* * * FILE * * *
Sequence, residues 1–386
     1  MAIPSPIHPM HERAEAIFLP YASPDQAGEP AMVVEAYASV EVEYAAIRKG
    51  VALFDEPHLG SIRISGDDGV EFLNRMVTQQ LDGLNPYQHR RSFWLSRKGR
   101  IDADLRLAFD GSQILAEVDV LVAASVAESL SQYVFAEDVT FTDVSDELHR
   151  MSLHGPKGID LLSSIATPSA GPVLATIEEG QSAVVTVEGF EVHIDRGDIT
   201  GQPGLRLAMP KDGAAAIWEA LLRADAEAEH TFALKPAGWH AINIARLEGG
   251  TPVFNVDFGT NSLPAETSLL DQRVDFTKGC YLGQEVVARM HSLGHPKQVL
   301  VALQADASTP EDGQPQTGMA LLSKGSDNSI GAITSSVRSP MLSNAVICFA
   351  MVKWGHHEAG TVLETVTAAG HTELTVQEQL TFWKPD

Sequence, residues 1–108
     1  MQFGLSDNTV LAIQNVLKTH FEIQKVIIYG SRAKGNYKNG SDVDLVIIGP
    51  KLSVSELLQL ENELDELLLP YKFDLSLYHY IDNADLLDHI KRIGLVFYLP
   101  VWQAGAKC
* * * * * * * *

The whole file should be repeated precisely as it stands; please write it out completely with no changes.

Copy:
Sequence, residues 1–386
     1  MAIPSPIHPM HERAEAIFLP YASPDQAGEP AMVVEAYASV EVEYAAIRKG
    51  VALFDEPHLG SIRISGDDGV EFLNRMVTQQ LDGLNPYQHR RSFWLSRKGR
   101  IDADLRLAFD GSQILAEVDV LVAASVAESL SQYVFAEDVT FTDVSDELHR
   151  MSLHGPKGID LLSSIATPSA GPVLATIEEG QSAVVTVEGF EVHIDRGDIT
   201  GQPGLRLAMP KDGAAAIWEA LLRADAEAEH TFALKPAGWH AINIARLEGG
   251  TPVFNVDFGT NSLPAETSLL DQRVDFTKGC YLGQEVVARM HSLGHPKQVL
   301  VALQADASTP EDGQPQTGMA LLSKGSDNSI GAITSSVRSP MLSNAVICFA
   351  MVKWGHHEAG TVLETVTAAG HTELTVQEQL TFWKPD

Sequence, residues 1–108
     1  MQFGLSDNTV LAIQNVLKTH FEIQKVIIYG SRAKGNYKNG SDVDLVIIGP
    51  KLSVSELLQL ENELDELLLP YKFDLSLYHY IDNADLLDHI KRIGLVFYLP
   101  VWQAGAKC